Foreign Policy Change in Europe

    Palgrave just published the edited volume Foreign Policy Change in Europe Since 1991, co-edited by Jeroen Joly (Saint-Louis University Brussels) and Tim Haesebrouck (Ghent University). The book analyzes foreign policy change and continuity across 11 European countries throughout the past three decades. I contributed a chapter on German Foreign Policy to the volume.

    Many thanks to the editors for inviting me to contribute to this project!

  • Gastvortrag, Zeppelin Universität

    Gastvortrag, Zeppelin Universität

    Am 22. April 2021 habe ich an der Zeppelin Universität am Lehrstuhl für Global Governance von Prof. Andrea Schneiker einen virtuellen Gastvortrag zum Thema “Democracy and War Involvement” gehalten. Nach einem Überblick zu Kriegsbeteiligungen westlicher Demokratien in den vergangenen Jahrzehnten lag der Schwerpunkt auf meiner vergleichenden Studie zum Abzug aus dem Irakkrieg, welche Bedingungen für den Abzug bzw. Verbleib westlicher Regierungen im Irak identifiziert (51 Regierungen aus 29 Demokratien im Zeitverlauf, 2003-2008).

    Herzlichen Dank an Prof. Andrea Schneiker und das Lehrstuhlteam für die Einladung und an die teilnehmenden Studierenden für die sehr engagierte Diskussion!

    Der Artikel im European Journal of International Security ist 2020 erschienen und frei verfügbar (open access). Eine Zusammenfassung findet sich im EJIS-Blog.

  • BJPIR Most Cited Article

    BJPIR Most Cited Article

    The British Journal of Politics and International Relations (BJPIR) highlights our article “Parliaments in Security Policy: Involvement, Politicisation, and Influence” (with Dirk Peters, Peace Research Institute Frankfurt) as the most cited article in this journal in the last 3 years (as of January 7, 2021). Notably, 5 of the 10 most cited articles stem from our special issue on parliaments and security policy. Thanks to all our contributors for turning this collective project into such a success!

    Abstract: While parliaments have long been neglected actors in the analysis of security policy, a research literature on the subject is growing. Current research is focused primarily on how parliaments, relying on formal legal competences, can constrain governmental policies. However, this research needs expansion in three areas. First, informal sources of parliamentary influence on security policy deserve more systematic attention as the significance of parliaments often hinges on contextual factors and individual decision-makers. Second, we still lack a systematic understanding of the effects of parliamentary involvement on security policy. Finally, the role of parliaments for the politics of security is almost completely uncharted territory. When parliaments become involved in security policy, does it foster transparency and contribute to the politicisation of security policy so that security policy becomes a ‘normal’ political issue? The article reviews current research, derives findings from the contributions to this Special Issue, and spells out their wider implications.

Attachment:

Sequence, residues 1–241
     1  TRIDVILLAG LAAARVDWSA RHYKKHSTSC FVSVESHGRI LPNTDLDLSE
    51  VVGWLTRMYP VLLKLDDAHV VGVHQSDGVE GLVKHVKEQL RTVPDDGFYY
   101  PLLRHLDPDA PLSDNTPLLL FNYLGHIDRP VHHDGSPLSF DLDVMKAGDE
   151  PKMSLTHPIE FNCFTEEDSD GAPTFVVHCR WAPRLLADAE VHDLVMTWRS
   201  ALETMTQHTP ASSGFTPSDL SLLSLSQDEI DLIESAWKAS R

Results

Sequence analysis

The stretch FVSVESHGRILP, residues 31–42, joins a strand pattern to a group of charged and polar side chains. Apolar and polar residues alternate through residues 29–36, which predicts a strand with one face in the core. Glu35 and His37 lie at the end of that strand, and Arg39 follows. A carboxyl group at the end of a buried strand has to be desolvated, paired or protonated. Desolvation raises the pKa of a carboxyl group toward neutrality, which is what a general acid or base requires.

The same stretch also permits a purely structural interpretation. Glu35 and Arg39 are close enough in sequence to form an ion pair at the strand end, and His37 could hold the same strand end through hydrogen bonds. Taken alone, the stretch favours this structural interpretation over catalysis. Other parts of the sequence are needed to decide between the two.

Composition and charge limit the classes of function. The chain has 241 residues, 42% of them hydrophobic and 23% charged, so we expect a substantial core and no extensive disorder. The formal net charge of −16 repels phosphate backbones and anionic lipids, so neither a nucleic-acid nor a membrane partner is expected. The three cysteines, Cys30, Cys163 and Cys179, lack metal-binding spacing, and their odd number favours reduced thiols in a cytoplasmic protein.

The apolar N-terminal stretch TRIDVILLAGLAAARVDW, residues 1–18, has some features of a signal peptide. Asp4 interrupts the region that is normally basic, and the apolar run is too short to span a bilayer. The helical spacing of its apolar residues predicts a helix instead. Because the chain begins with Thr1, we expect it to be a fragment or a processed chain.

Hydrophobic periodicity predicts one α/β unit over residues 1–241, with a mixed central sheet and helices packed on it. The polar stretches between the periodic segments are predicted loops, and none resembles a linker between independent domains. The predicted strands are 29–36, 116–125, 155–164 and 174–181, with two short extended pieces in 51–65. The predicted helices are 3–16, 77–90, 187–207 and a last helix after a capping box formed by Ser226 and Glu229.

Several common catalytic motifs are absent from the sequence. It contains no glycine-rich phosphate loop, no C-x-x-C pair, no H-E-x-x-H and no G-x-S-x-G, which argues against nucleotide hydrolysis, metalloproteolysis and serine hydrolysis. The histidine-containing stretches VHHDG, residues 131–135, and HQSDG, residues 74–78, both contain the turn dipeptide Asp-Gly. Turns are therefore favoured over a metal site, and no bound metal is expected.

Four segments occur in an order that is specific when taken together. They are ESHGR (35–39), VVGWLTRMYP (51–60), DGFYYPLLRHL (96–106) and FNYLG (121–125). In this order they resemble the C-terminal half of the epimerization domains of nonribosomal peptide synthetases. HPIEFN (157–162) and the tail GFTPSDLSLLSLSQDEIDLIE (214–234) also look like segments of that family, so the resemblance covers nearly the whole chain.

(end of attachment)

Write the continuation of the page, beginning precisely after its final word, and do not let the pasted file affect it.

Introduction to the special issue:

    Mello, Patrick A., and Dirk Peters (2018) ‘Parliaments in Security Policy: Involvement, Politicisation, and Influence’, British Journal of Politics and International Relations https://doi.org/10.1177/1369148117745684.

    Contributing articles:

    Strong, James (2018) ‘The War Powers of the British Parliament: What Has Been Established and What Remains Unclear?’, British Journal of Politics and International Relations https://doi.org/10.1177/1369148117745767.

    Kaarbo, Juliet (2018) ‘Prime Minister Leadership Style and the Role of Parliament in Security Policy’, British Journal of Politics and International Relations https://doi.org/10.1177/1369148117745679.